The Bengals get the rematch with Cleveland this Sunday at PBS. The first Cleveland game is the first in the team’s epic 10-game losing streak, and is when the wheels began to fall off the cart for Cincy in 2010. The Bengals entered the game at 2-1, their only loss was at New England, and they had bested Baltimore for a 1-0 division record. Marvin Lewis was the reigning NFL Coach of the Year, the Bengals were a vogue pick for the Super Bowl, and generally speaking it was all candy and smiles in the Queen City. The 23-20 loss at Cleveland in week four was deep bruise to the team’s confidence and it showed the kind of poor discipline and weak stomachs in crunch time they would display more and more as the season wore on.
However, the offense had perhaps their best outing of the 2010 campaign that early October day. Palmer was nearly perfect through the air going 25 of 36 for a whopping 371 yards and two touchdowns. He had no interceptions in that game—a rarity this year, but his two lost fumbles proved costly. Terrell Owens was superb with his finest game as a Bengal. T.O. had ten catches for 222 yards and a touchdown, but he had a crucial drop that could have secured the game for the Bengals.
On the defensive side of the ball, the Bengals could not take advantage of weak Browns quarterback position, allowing Seneca Wallace to efficiently manage the game. Helping Wallace’s cause was the emergence of RB Peyton Hillis, who powered his way to 107 yards on 27 carries. Hillis put the game away in the fourth quarter on a dynamic 24 yard dash to the outside on 2nd and 7with 2:47 left. The Bengals knew the Browns were going to run, but couldn’t stop it—another trend for 2010 that was both unexpected and disappointing for Bengal Nation.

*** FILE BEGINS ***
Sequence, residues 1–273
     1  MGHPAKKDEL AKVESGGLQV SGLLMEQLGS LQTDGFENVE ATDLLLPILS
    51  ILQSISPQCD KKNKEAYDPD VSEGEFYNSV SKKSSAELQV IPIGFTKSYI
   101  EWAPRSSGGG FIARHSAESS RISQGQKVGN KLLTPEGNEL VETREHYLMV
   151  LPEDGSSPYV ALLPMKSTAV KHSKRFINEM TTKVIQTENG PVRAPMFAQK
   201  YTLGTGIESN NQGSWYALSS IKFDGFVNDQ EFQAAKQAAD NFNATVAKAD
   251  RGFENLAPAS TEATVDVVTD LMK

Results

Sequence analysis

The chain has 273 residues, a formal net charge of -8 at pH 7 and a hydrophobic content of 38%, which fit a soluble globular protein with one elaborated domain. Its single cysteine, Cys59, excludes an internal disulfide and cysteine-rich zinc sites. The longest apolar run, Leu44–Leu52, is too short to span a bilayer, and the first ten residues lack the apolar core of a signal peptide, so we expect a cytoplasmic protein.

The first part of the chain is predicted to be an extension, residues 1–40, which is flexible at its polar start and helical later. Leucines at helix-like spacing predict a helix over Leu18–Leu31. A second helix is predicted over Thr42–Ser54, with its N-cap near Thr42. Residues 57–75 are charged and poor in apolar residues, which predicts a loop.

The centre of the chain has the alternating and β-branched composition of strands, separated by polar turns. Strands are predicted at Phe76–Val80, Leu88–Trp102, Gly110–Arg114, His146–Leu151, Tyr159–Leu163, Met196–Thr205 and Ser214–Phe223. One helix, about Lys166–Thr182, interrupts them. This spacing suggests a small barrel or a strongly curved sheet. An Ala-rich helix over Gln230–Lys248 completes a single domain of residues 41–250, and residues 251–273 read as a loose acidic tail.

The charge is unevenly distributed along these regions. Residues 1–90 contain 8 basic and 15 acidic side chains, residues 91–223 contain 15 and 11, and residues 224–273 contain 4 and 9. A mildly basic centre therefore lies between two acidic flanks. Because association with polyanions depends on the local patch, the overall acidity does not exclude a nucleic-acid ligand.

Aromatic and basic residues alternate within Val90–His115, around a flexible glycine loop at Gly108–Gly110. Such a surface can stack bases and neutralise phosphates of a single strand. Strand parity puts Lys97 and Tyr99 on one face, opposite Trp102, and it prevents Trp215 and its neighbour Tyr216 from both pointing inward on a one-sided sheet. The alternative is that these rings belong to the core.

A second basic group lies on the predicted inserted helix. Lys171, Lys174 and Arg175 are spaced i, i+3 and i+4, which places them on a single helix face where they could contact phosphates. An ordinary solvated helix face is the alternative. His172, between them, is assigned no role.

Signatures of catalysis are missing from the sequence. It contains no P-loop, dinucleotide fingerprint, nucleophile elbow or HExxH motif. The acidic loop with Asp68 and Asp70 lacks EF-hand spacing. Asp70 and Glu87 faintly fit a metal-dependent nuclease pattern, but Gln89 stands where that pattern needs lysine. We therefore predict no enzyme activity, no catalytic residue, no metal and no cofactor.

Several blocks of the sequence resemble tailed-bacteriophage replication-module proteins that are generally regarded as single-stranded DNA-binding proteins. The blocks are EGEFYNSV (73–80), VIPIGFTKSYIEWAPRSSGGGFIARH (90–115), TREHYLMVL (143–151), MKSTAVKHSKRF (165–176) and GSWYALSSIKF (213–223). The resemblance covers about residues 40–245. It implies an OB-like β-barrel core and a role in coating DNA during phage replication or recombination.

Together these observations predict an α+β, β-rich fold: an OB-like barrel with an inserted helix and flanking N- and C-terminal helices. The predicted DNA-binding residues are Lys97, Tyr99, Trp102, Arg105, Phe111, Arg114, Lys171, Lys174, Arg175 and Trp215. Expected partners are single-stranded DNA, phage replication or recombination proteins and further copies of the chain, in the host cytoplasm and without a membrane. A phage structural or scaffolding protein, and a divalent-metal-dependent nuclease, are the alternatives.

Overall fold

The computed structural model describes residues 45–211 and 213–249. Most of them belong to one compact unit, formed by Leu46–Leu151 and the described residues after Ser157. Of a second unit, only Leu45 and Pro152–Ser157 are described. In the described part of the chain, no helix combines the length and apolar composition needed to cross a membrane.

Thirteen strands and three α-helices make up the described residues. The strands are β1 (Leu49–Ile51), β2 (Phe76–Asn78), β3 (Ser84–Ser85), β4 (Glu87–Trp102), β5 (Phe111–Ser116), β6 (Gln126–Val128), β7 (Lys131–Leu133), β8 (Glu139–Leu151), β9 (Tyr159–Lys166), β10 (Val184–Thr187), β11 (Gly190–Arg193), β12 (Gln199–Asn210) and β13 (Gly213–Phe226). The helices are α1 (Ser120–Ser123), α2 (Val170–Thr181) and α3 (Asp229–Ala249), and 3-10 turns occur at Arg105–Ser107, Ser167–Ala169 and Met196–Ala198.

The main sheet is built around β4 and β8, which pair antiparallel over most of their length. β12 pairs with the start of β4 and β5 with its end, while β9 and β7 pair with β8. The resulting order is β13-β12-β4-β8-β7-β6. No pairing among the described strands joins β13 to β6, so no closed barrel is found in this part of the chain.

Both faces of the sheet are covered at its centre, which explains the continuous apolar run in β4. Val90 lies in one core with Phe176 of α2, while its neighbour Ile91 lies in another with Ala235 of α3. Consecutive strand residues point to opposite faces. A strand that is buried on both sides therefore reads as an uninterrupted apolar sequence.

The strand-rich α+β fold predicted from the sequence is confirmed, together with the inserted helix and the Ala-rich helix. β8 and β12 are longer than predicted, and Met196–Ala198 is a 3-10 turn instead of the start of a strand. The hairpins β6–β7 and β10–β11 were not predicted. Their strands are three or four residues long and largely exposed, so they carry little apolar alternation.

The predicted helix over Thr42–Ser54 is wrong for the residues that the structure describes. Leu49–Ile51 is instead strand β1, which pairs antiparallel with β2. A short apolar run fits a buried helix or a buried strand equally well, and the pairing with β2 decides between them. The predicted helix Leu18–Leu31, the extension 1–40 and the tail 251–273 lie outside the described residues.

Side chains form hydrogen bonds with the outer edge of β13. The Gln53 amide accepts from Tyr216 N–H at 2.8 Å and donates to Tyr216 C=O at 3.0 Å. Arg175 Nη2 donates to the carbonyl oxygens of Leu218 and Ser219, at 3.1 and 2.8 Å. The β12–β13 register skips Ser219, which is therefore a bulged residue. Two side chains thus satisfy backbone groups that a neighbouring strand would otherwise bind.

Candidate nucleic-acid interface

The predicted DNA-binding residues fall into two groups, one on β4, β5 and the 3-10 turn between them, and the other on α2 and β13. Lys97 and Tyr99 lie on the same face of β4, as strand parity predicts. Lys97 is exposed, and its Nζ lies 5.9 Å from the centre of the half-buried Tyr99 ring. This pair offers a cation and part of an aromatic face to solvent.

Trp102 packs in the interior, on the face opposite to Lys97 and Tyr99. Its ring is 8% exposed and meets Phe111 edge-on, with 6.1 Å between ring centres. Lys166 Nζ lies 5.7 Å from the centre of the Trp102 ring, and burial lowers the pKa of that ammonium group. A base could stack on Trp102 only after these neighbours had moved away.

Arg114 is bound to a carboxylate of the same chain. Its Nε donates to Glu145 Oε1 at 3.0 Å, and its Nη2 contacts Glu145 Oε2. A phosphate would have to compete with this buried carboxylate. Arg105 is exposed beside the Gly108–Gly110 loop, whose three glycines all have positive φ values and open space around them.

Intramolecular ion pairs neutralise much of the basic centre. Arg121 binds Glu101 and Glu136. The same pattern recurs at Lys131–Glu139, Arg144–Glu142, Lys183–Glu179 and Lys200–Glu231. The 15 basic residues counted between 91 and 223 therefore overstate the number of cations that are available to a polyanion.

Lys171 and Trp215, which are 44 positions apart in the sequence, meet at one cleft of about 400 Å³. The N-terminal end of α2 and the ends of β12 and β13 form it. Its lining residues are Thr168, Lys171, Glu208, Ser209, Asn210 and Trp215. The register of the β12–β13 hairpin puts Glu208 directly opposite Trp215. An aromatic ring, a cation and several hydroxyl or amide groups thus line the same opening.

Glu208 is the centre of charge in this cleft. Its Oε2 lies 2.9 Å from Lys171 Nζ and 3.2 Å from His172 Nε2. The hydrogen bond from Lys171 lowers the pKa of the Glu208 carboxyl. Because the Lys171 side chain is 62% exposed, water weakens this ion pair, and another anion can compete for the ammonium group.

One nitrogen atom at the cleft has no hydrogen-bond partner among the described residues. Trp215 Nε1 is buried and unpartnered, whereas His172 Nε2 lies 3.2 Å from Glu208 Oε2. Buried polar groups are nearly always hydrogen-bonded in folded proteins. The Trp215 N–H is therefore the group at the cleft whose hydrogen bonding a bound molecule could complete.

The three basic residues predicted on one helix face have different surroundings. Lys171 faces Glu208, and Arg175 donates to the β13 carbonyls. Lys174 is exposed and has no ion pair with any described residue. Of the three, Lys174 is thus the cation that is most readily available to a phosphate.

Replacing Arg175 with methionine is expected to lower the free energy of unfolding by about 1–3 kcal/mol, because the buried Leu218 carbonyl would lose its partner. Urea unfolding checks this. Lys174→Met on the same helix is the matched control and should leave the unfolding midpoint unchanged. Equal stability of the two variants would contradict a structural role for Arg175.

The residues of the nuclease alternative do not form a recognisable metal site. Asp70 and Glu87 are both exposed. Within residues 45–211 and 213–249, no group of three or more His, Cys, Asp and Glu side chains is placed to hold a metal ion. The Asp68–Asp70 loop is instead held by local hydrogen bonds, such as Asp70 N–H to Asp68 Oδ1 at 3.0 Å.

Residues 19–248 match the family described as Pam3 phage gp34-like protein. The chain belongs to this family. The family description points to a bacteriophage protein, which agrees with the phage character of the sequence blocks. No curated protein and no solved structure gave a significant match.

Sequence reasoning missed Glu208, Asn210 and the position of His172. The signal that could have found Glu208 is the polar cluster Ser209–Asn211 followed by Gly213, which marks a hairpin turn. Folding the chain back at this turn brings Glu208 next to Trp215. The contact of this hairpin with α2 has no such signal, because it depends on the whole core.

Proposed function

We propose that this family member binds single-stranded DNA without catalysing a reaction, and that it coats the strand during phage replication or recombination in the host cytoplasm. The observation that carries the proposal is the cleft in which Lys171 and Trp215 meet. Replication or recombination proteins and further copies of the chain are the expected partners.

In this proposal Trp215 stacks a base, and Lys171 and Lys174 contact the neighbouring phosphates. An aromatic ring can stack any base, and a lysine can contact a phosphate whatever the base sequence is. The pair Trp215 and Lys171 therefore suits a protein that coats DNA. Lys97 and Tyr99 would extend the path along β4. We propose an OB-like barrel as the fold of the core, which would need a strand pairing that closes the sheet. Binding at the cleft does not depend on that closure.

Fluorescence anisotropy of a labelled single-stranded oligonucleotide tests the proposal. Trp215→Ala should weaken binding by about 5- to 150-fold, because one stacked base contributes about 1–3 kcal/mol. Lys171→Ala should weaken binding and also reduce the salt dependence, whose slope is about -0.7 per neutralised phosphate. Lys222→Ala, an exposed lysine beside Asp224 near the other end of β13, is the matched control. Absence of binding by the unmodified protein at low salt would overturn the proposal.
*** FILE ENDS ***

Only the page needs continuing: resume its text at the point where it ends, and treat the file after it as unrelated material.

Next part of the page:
Penalties were a killer as a defensive pass interference call on Dhani Jones wiped out a 3rd down stop and led to a Cleveland touchdown, while a Bengal possession towards the end was stopped short because of an offensive pass interference call on Chad Ochocinco. But the coup-de-gras for Cincy was an inexplicable defensive holding call on DT Pat Sims at the Cleveland 11-yard line as the Bengals were fighting for one more possession. The foul gave the Browns an easy first down, and an opportunity to burn off more of the precious 4 minutes and change that was left in the game.
Eleven weeks later, Sunday at 1:00 at a snowy PBS, the Bengals get an opportunity to avenge the loss and stop the skid the started with these same Browns. The game is blacked out in the greater Cincinnati area as it was not sold out.
The Bengals are anything but candy and smiles now. Marvin Lewis is all but gone, essentially playing out his contract that expires in a little over 3 weeks. Carson Palmer, once the face of Lewis’ rebuilding efforts in Cincinnati, may also be an offseason casualty. Mainstays like Chad Ochocinco and Bobbie Williams may be gone as well. T.O. has become the latest in a long line of outspoken Bengals to call out management for poor decision making, and it will likely lead to his departure as well. What was a golden opportunity has turned into another bungling season of misery.